SUMMARY OF THE INVENTION

It is an objective of this invention to provide a method and apparatus for monitoring driver alertness that reliably and accurately determine when the driver's level of alertness has degraded to the point where the driver may not be able to operate the vehicle safely.

It is a further objective of this invention to provide a method and apparatus for monitoring driver alertness that utilizes a seat-mounted pressure sensor that may also provide occupant status information to an occupant restraint system controller.

In achieving these and other objectives, a preferred embodiment of the invention disclosed herein comprises a sensor array disposed in the driver's seat to sense a pattern of pressure exerted by the driver's body at a plurality of points distributed over the seat surface. The invention system further comprises a computer which receives pressure pattern data from the sensor array and determines a probable driver alertness level based upon changes in the pattern of pressure detected by the sensor array.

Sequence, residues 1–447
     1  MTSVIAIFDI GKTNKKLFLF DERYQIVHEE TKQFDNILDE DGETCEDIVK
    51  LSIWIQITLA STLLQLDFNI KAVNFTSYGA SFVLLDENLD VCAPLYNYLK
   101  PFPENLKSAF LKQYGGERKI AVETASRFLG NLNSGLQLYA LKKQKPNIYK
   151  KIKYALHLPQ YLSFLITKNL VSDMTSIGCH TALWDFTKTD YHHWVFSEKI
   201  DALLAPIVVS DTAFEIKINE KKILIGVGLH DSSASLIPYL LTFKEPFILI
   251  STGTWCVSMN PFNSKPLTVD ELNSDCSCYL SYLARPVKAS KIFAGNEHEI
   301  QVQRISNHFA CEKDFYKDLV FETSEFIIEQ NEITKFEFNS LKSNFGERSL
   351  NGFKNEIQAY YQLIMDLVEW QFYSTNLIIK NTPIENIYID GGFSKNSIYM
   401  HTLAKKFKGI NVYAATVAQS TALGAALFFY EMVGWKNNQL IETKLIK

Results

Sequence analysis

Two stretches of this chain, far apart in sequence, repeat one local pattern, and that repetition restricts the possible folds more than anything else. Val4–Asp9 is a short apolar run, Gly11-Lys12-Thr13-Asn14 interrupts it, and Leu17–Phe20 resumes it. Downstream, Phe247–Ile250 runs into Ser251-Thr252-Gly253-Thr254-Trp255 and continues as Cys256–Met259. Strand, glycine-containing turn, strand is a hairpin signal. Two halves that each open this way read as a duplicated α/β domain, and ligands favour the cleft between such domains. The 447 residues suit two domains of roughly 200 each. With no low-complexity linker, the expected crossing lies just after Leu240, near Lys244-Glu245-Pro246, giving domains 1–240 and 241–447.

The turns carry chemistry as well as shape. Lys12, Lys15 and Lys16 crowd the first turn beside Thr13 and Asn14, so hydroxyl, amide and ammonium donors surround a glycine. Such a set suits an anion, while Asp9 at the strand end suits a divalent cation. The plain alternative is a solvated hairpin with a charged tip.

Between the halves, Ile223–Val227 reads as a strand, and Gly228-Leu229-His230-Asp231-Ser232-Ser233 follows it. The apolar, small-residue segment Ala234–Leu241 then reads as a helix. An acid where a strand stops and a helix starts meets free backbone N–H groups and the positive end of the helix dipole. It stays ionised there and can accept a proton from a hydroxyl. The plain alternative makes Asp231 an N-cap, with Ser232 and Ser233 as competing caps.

According to another feature of the invention, the sensor array may also be used to supply data to an occupant restraint system controller. For example, the sensor may provide information regarding the driver weight and seating position in order to allow the restraint controller to make restraint deployment decisions. Using the sensor for two purposes avoids the additional cost of providing a dedicated alertness sensor is avoided.